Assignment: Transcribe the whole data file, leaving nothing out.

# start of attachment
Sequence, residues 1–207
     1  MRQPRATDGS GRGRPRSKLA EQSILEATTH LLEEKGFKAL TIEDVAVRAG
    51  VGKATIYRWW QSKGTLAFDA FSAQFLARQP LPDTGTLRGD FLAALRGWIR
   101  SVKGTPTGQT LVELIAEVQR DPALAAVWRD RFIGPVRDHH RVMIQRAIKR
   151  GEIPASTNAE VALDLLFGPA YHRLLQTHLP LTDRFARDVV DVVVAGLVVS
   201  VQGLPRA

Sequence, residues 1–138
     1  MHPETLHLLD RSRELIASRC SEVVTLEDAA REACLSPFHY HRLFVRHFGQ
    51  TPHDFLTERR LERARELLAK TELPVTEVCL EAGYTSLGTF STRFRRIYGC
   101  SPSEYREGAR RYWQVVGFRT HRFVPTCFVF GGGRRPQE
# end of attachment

Sequence, residues 1–207
     1  MRQPRATDGS GRGRPRSKLA EQSILEATTH LLEEKGFKAL TIEDVAVRAG
    51  VGKATIYRWW QSKGTLAFDA FSAQFLARQP LPDTGTLRGD FLAALRGWIR
   101  SVKGTPTGQT LVELIAEVQR DPALAAVWRD RFIGPVRDHH RVMIQRAIKR
   151  GEIPASTNAE VALDLLFGPA YHRLLQTHLP LTDRFARDVV DVVVAGLVVS
   201  VQGLPRA

Sequence, residues 1–138
     1  MHPETLHLLD RSRELIASRC SEVVTLEDAA REACLSPFHY HRLFVRHFGQ
    51  TPHDFLTERR LERARELLAK TELPVTEVCL EAGYTSLGTF STRFRRIYGC
   101  SPSEYREGAR RYWQVVGFRT HRFVPTCFVF GGGRRPQE